Evaluating Legality: Toward a Cultural Approach to the Study of Law and Social Change

By Kostiner, Idit | Law & Society Review, June 2003 | Go to article overview

Evaluating Legality: Toward a Cultural Approach to the Study of Law and Social Change


Kostiner, Idit, Law & Society Review


The role of law in social change has been a subject of many academic debates. However, not much attention has been given to the contradictory ways in which activists for social change justify or criticize the use of law. Drawing on in-depth interviews with 25 social justice activists, I analyze the ways in which activists evaluate the role of law in social change. I find that activists invoke three distinct schemas of evaluation: instrumental, political, and cultural. The instrumental schema emphasizes change in the allocation of concrete resources; the political schema views change as the empowerment of marginalized communities; and the cultural schema emphasizes the transformation of assumptions that are shared by all members of society. Each schema provides activists with a particular order of justification that enables them to justify or to criticize the role of law in social change. While the multiplicity of schemas sustains the commonsense notion of law as a means for social change, it also accounts for possible changes in this notion.

Introduction

Does law matter for progressive social change? Can social movements use legal tactics to promote social justice? These questions have been of great concern for sociolegal scholars in the past decades. Some studies of the effects of law on social change have tended toward a critical view of law, arguing that legal tactics are usually futile in bringing about meaningful social reform (Rosenberg 1991). Reacting against this critical view of law, other studies have suggested broadening the definition of law to include the meanings that activists who participate in legal campaigns assign to legal norms. Based on this redefinition of law, scholars have argued that legal tactics may indirectly empower social movements and provide leverage for political mobilization (McCann 1994; Silverstein 1996). However, both perspectives on law and social change do not explore systematically the ways in which social justice activists conceptualize social change and the extent to which this conceptualization shapes their understanding of the role of law in social change. In other words, the current literature does not give us a good account of how culture works in the interaction between law and activism for social reform.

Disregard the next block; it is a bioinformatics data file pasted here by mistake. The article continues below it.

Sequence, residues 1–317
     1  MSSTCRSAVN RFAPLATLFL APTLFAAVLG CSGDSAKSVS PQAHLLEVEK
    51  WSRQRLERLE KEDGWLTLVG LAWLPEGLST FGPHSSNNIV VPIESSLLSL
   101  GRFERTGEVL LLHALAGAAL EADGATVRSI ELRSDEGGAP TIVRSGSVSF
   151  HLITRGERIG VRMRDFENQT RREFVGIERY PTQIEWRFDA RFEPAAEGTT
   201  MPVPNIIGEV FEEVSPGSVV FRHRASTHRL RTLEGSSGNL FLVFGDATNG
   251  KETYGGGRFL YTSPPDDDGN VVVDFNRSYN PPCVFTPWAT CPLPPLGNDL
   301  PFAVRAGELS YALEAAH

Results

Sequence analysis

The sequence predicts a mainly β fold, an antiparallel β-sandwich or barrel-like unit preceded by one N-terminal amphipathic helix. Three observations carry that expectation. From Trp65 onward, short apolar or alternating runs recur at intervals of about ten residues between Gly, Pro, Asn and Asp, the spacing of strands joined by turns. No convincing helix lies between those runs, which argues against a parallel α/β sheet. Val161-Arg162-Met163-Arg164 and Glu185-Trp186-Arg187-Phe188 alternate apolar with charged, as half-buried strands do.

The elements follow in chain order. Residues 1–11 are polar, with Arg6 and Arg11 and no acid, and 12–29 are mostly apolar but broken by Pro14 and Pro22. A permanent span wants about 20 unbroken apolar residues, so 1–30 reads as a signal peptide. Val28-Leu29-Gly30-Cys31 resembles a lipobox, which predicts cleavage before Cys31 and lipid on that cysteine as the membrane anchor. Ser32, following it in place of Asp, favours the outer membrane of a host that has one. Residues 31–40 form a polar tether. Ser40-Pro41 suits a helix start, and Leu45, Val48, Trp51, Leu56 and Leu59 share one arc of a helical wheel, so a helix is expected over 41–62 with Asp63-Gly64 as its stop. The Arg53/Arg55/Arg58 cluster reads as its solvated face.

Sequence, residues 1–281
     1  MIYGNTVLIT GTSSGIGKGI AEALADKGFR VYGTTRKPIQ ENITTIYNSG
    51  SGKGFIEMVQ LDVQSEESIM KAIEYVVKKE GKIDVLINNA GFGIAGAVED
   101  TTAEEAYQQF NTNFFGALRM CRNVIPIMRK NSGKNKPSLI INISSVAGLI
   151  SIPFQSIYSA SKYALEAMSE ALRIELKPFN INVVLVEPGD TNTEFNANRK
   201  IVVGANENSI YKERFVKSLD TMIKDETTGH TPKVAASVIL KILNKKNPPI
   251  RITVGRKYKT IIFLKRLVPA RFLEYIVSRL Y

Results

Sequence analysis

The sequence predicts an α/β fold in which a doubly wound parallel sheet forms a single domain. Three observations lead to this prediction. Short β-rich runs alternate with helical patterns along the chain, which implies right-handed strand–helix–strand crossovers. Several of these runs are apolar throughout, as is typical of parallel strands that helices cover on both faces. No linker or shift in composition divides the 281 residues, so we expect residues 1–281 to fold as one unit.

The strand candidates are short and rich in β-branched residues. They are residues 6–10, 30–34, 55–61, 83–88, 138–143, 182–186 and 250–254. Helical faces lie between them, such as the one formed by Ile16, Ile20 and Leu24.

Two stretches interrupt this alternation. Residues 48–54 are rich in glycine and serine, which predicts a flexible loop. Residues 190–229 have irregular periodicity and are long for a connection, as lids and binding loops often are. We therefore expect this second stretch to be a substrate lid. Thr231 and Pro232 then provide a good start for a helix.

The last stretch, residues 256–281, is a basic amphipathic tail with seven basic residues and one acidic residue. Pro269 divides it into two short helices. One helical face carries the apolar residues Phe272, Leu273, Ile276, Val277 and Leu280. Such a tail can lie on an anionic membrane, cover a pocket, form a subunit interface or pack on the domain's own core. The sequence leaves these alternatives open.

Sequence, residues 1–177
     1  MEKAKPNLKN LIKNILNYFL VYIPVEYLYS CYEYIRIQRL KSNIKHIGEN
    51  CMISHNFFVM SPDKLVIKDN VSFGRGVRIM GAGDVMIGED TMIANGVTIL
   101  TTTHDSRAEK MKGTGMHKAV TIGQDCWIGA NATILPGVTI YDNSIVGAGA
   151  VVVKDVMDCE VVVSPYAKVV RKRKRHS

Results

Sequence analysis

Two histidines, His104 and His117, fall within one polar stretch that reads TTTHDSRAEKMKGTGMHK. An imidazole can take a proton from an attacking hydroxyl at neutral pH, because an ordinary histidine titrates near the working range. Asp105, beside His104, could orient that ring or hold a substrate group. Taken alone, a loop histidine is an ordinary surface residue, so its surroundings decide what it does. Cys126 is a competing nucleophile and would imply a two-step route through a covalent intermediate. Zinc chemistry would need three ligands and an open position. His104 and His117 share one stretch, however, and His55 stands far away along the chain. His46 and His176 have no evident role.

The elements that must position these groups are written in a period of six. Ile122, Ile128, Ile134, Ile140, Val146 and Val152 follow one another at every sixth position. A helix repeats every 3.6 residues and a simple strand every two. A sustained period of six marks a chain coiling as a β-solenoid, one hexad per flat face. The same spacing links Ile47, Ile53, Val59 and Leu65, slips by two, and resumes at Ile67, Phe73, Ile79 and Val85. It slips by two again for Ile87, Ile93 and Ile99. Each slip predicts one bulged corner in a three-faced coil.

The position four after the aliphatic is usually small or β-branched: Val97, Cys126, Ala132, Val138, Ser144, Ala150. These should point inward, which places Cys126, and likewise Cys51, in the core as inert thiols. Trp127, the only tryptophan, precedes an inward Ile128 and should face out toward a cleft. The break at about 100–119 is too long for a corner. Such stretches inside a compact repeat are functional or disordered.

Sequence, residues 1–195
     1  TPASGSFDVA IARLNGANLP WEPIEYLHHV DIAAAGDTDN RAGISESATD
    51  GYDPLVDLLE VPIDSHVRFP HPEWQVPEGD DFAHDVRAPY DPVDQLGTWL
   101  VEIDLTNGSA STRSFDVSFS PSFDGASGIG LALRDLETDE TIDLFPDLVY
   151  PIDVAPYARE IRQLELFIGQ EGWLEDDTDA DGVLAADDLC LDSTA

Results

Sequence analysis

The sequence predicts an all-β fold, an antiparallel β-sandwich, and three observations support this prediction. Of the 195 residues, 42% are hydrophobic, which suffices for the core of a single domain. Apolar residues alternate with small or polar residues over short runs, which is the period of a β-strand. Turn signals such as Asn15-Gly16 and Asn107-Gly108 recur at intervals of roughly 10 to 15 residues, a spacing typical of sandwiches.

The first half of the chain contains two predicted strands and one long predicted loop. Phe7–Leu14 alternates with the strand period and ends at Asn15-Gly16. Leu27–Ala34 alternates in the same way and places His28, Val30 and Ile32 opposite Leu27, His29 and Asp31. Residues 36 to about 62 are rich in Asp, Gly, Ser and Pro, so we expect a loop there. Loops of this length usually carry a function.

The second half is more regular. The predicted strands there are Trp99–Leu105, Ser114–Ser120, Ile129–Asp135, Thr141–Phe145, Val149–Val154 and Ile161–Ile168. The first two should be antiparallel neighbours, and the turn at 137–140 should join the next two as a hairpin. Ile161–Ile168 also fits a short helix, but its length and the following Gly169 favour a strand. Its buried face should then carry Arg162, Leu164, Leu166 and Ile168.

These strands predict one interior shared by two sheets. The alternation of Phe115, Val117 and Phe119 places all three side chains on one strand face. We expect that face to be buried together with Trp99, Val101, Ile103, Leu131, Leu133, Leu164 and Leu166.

To study how the culture of law and activism works in action, I have conducted interviews with 25 social justice activists, all of whom work primarily on issues of educational justice. These interviews allow me to analyze the various ways in which social justice activists understand the relationships between law and activism. I find that activists express a variety of views about the role of law in promoting or preventing social change. At face value, these views seem chaotic. A closer analysis, however, reveals that ideas about the role of law in social change are justified based on three distinct cultural schemas: instrumental, political, and cultural. Each schema represents a different way of understanding activism for social change. The instrumental schema emphasizes the need of marginalized people to have concrete resources such as jobs, health care, and quality education. The political schema emphasizes the need of marginalized people to be empowered, united, and politically mobilized. The cultural schema emphasizes the need to transform the taken-for-granted assumptions that are shared by all members of society.

Each schema provides activists with a particular rhetoric, or "order of justification" (Boltanski & Thévenot 1991), which enables them to evaluate the role of law in social change. Under each schema, activists may praise or criticize the role of law, but their mode of justification is different in each schema. The various academic accounts on law and social change tend to ignore this complexity, and therefore, each of these accounts provides us with only a partial understanding of the relationships between law and social change. …

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